"Set limits on what you will or won't do for a company, and don't work anywhere that wants you to break those limits"
"Guess which one of those people runs the company," Fuller said, to a rumble of laughter. "Therein lies one of the greatest obstacles between where we are today, and a future where games companies act on their purported values of treating people like their most important asset: Pride.
"On the whole, executives in our industry have a grand inability to admit the imperfections of the companies they run. If your company is so perfect, sir or madam, why do so many of your employees wish you would hire someone like me to fix it?"
But the nature of the problem resists quick solutions. Brief conversations with CEOs about employee welfare, backed up by relevant facts about work-life balance and its relation to product quality, do not result in changes to practice and policy. If they did, Fuller said, "I'd be hosting this conference from my own private island."
"Happily, there is a longer term play available to us," he continued. "Here's how we got into this state: our industry was jump-started by a group of people who didn't know what they were doing as leaders. As time went on they brought in more generations of developers who only had bad examples to learn from. And here we are, a few decades later."
Fuller's long-term solution has two clear steps, the first of which was neatly summarised by a witty slide and a single sentence: "Wait out the previous generation of shoddy leaders."
Step two will be more difficult; educating the next generation of leaders to be better than those who have come before. With that in mind, Fuller offered a few choice words for anyone with the ambition to run a company and be responsible for the well-being of its employees.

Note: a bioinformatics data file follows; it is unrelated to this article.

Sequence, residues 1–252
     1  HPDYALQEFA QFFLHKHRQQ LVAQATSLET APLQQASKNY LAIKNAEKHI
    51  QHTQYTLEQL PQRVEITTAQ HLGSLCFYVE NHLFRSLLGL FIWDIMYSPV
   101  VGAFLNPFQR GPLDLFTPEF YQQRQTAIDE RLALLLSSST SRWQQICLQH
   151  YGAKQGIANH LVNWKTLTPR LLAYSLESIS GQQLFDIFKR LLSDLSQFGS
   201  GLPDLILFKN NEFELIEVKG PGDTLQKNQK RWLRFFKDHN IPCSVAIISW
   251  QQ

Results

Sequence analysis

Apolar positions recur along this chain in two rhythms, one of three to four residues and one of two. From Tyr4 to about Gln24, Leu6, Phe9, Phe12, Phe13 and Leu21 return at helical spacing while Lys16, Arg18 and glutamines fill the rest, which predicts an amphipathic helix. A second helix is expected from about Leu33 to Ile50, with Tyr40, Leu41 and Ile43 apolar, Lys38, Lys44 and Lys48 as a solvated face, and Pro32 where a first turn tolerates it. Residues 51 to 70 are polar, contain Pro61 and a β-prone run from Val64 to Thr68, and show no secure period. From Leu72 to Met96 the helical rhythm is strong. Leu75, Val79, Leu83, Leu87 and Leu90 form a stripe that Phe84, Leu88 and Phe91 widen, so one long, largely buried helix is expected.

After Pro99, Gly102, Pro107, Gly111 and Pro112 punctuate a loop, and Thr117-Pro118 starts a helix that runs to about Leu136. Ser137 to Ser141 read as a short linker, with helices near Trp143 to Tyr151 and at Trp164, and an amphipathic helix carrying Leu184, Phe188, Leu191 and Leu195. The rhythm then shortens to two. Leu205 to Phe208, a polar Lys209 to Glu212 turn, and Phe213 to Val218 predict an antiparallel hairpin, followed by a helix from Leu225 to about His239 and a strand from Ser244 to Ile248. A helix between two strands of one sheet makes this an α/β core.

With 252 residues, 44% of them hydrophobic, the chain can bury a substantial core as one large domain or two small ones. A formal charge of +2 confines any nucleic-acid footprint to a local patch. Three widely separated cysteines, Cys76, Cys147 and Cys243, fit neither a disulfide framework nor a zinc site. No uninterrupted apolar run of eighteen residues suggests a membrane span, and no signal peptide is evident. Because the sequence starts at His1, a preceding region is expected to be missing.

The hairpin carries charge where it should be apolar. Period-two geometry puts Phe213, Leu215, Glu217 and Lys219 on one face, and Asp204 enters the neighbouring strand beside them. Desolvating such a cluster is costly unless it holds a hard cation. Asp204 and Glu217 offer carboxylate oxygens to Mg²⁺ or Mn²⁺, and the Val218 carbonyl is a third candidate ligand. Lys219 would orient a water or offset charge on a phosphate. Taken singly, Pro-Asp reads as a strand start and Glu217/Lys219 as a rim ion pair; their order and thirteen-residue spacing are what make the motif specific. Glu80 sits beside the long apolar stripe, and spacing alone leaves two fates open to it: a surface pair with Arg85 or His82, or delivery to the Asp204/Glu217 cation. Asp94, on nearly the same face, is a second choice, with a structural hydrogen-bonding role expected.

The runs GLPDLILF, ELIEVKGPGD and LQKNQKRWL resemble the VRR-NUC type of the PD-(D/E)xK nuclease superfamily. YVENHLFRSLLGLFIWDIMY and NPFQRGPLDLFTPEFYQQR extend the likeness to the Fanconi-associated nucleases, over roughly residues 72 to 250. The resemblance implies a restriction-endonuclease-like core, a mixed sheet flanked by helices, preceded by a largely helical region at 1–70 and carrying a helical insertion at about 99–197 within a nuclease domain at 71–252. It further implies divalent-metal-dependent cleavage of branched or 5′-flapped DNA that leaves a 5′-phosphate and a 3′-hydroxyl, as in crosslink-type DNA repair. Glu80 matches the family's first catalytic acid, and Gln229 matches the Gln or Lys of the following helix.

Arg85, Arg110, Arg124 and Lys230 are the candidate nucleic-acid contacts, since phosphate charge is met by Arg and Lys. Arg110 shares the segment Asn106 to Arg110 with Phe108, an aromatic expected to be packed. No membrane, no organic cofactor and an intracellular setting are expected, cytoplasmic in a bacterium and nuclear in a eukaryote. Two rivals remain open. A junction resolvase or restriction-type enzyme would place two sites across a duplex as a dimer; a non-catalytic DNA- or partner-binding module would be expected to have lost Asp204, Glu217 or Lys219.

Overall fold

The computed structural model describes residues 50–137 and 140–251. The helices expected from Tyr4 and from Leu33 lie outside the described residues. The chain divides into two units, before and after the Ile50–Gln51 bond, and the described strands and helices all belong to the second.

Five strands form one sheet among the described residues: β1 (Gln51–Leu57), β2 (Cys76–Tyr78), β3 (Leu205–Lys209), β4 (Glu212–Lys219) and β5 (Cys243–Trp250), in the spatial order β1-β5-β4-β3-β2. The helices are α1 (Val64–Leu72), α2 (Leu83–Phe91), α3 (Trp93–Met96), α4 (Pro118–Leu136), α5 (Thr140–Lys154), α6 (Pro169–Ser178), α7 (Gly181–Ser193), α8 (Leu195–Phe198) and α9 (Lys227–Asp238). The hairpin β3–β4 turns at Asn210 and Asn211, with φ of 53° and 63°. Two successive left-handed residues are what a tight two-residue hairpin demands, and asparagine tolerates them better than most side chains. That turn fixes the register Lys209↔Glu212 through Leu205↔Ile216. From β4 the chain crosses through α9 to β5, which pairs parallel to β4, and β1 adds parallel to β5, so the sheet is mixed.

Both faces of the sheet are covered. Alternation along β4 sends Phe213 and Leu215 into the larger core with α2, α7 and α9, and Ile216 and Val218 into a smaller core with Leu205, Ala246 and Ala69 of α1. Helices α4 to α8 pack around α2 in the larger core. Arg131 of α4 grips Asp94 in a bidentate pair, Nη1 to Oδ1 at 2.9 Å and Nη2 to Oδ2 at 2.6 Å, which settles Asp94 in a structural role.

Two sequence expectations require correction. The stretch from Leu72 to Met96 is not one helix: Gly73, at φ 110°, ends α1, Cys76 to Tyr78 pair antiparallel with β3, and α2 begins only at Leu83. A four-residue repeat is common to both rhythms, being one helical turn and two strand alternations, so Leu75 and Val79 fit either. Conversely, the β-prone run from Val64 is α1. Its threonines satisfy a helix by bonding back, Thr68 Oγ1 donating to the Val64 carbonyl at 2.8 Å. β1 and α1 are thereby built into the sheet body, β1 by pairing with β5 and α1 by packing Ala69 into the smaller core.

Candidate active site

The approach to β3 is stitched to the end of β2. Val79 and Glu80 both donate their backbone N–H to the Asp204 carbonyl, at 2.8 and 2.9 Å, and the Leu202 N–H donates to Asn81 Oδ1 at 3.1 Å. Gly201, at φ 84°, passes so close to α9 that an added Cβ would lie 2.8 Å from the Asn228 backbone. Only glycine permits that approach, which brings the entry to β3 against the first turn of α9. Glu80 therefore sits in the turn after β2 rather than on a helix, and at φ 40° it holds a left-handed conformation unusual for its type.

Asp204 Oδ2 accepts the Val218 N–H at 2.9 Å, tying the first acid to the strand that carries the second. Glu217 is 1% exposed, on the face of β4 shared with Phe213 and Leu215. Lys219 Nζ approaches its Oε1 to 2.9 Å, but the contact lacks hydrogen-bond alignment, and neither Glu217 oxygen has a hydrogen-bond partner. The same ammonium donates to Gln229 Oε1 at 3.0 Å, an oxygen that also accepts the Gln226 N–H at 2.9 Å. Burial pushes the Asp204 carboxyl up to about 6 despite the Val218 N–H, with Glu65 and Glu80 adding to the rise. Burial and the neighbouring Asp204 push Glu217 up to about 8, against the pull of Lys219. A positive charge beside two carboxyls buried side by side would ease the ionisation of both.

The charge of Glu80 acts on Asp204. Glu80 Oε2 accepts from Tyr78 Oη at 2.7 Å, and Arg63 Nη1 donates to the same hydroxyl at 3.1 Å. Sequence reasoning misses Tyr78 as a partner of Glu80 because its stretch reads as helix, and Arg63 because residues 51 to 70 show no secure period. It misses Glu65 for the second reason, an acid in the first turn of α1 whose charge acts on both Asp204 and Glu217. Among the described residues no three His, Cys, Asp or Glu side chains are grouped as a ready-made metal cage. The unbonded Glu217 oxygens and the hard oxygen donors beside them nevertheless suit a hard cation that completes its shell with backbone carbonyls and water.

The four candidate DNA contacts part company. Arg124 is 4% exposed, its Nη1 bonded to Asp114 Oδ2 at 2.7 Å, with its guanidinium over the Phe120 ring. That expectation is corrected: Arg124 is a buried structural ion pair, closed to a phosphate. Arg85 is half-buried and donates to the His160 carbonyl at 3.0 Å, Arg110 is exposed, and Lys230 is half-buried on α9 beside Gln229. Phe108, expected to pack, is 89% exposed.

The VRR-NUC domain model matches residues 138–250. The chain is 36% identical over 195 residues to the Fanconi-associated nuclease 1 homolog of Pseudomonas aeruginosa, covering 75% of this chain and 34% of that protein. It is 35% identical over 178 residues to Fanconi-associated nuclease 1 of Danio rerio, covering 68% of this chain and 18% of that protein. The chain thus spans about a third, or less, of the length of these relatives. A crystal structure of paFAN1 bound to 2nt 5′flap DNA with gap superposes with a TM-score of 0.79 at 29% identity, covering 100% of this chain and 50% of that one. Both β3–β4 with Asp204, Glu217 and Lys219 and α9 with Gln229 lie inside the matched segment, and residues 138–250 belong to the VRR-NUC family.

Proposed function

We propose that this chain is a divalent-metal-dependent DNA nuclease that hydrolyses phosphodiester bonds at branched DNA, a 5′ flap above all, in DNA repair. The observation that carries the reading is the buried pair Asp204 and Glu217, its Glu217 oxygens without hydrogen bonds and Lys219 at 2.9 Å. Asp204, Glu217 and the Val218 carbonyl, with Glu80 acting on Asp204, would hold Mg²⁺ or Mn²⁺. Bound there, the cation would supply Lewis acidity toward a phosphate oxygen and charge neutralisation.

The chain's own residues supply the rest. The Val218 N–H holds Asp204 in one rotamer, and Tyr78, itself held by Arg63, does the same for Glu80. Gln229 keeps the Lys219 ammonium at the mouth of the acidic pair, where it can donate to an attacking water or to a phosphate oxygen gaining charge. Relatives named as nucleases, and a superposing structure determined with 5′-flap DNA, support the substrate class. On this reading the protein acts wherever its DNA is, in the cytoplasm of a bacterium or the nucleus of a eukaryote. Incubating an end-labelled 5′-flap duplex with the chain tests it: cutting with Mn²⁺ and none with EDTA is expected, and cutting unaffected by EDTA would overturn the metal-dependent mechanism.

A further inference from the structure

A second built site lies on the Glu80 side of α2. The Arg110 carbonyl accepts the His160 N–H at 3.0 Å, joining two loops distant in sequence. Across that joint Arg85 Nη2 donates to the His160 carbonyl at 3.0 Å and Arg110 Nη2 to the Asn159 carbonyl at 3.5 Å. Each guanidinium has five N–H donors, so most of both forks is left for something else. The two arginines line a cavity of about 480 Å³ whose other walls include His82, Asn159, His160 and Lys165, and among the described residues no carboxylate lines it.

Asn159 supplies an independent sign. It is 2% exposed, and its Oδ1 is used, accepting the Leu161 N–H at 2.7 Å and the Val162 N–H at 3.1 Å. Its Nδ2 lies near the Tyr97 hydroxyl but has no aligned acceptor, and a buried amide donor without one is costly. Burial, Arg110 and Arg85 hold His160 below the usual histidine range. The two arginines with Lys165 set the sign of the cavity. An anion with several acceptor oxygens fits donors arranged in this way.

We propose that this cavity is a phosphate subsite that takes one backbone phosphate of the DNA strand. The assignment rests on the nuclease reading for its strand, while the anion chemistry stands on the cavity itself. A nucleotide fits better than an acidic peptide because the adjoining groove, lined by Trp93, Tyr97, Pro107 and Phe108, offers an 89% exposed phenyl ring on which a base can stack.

"Know your own values, and don't work anywhere that will ask you to ignore them," he said. "Set limits on what you will or won't do for a company, and don't work anywhere that wants you to break those limits.
"And a final word for the studio leaders: my gosh, if you put the word 'passionate' in one more article, back-pedalling away from the pride you take in seeing people overworked, or in one more entry-level job description luring in a starry-eyed university graduate, I will strangle someone with piano wire."
"There are good people all over this industry, but we don't act enough"
At this point, it's worth acknowledging once again that the context of a lightning talk encourages bold statements. But at this point, it's also worth acknowledging that Fuller's next few sentences were entirely drowned out by a roaring chorus of approval from the audience. When calm had settled once again, he closed his talk with one more sentence.
"In those cases, 'passionate' is just code for 'we will happily exploit anyone who is bad at setting personal boundaries.'"